contains flash photography. it is a humiliating fall from grace. used to appearances on the red carpet, actorjussie smollett has now been snapped for his mugshot, arrested for concocting a fake hate crime against him. # sometimes you feel insecure #. he is best known to us audiences for playing jamal lyon, a sensitive, slightly troubled r&b singer in the tv series, empire. this is exactly where jussie smollett says he was attacked in the early hours of the morning when he had gone out to get food. he says two men punched him, subjected him to racist and homophobic abuse, even at one point shouting at him that this was make america great again country, suggesting they had been trump supporters. my manager was still on the phone, so i picked up the phone and i said, brandon, and he's like, what's going on? and i said, i wasjustjumped. and then i looked down and i saw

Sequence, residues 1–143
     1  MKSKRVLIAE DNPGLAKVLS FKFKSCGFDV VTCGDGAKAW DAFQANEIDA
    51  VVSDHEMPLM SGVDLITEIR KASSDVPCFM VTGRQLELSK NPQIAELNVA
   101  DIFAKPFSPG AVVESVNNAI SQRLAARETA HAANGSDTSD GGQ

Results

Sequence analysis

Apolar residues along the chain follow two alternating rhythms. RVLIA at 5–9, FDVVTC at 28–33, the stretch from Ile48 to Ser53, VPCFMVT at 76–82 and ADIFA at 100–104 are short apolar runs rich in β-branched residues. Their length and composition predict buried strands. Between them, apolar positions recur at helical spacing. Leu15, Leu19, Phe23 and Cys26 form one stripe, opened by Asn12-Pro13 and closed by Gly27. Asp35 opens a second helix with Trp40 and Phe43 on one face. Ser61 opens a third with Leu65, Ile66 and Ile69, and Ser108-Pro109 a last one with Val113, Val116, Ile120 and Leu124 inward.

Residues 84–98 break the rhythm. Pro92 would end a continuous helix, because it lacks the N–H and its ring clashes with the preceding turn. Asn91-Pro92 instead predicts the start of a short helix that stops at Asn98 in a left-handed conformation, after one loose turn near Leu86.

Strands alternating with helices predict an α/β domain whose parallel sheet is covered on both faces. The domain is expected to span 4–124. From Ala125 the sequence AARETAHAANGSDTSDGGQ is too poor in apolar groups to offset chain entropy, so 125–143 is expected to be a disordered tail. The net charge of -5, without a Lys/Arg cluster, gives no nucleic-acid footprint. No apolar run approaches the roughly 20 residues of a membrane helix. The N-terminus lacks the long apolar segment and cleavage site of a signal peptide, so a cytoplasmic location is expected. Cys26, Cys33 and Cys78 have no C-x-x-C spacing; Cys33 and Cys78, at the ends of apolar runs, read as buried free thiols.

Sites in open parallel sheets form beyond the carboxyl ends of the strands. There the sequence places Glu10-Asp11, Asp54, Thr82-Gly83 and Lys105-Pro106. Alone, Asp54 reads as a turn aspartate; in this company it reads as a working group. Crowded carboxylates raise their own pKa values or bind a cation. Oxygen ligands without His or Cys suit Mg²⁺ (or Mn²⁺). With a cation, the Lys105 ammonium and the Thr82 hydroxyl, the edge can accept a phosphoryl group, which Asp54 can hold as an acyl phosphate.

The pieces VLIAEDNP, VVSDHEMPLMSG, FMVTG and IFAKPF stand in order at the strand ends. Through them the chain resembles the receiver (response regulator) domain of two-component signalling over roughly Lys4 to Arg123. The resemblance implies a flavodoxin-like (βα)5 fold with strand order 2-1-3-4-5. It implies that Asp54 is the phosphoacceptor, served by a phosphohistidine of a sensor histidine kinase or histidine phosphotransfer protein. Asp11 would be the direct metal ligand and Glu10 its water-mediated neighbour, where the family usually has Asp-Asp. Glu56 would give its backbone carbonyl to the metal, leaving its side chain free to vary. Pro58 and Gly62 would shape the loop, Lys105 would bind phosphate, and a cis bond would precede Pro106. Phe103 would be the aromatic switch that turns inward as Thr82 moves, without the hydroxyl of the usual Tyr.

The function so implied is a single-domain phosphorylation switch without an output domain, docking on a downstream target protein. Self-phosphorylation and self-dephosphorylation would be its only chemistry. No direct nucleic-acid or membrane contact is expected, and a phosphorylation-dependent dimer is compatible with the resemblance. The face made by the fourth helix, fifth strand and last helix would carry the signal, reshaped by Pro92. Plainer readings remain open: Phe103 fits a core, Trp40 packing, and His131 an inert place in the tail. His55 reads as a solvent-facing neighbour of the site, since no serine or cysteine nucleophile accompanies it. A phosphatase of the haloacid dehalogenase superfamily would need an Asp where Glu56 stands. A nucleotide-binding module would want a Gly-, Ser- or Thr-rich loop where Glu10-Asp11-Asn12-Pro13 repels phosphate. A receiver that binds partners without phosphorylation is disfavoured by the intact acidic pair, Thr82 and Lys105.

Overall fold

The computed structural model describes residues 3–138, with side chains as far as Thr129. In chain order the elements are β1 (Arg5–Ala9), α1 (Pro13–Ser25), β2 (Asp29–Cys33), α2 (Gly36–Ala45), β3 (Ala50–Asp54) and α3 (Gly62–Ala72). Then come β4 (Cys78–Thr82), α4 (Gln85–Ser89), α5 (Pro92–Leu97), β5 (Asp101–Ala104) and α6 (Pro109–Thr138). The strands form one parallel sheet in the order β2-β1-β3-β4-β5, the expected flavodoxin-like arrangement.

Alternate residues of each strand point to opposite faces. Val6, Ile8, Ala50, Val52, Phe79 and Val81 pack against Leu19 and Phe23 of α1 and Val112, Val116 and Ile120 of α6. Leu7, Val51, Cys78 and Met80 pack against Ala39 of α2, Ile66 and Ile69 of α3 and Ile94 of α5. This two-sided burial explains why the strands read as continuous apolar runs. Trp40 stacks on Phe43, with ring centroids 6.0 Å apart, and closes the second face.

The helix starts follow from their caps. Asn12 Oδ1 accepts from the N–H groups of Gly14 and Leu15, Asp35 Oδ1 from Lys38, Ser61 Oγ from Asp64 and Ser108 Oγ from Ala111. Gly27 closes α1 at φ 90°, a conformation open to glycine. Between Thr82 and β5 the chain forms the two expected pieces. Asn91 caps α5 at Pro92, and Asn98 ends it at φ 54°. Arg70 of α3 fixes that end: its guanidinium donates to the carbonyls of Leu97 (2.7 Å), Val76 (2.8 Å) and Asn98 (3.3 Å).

there's a rope around my neck. the president himself was among the many who came out to condemn the attack. i think that's horrible. it doesn't get worse. but police now say two brothers, seen here buying ski masks ahead of the incident, were paid by smollett himself to stage the attack, because, they say, he was unhappy with his salary. empire actorjussie smollett took advantage of the pain and anger of racism to promote his career. i'm left hanging my head and asking why. why would anyone, especially an african—american man, use the symbolism of a noose to make false accusations? hate crimes have seen a dramatic increase in the us of late, but the police and rights advocates alike have talked of their dismay at the harm jussie smollett has done to those who really have suffered. aleem maqbool, bbc news, in chicago.